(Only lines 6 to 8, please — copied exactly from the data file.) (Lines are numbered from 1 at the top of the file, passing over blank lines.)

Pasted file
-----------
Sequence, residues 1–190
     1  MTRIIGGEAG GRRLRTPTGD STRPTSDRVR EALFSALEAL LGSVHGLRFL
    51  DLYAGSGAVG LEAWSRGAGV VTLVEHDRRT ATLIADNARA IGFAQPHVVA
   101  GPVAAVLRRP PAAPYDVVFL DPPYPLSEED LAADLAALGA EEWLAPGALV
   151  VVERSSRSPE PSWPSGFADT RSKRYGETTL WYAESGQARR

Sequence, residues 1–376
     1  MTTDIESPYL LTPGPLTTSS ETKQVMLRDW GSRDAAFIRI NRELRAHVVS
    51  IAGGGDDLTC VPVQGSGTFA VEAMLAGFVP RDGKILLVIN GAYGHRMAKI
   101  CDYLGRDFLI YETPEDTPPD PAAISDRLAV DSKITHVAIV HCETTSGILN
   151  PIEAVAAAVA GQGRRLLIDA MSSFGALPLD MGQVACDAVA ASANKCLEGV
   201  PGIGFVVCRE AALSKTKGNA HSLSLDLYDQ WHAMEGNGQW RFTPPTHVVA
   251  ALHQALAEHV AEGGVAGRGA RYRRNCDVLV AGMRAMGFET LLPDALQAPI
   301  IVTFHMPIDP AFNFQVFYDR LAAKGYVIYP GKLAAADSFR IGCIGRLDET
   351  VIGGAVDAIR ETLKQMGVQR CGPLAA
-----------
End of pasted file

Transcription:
Sequence, residues 1–376
     1  MTTDIESPYL LTPGPLTTSS ETKQVMLRDW GSRDAAFIRI NRELRAHVVS
    51  IAGGGDDLTC VPVQGSGTFA VEAMLAGFVP RDGKILLVIN GAYGHRMAKI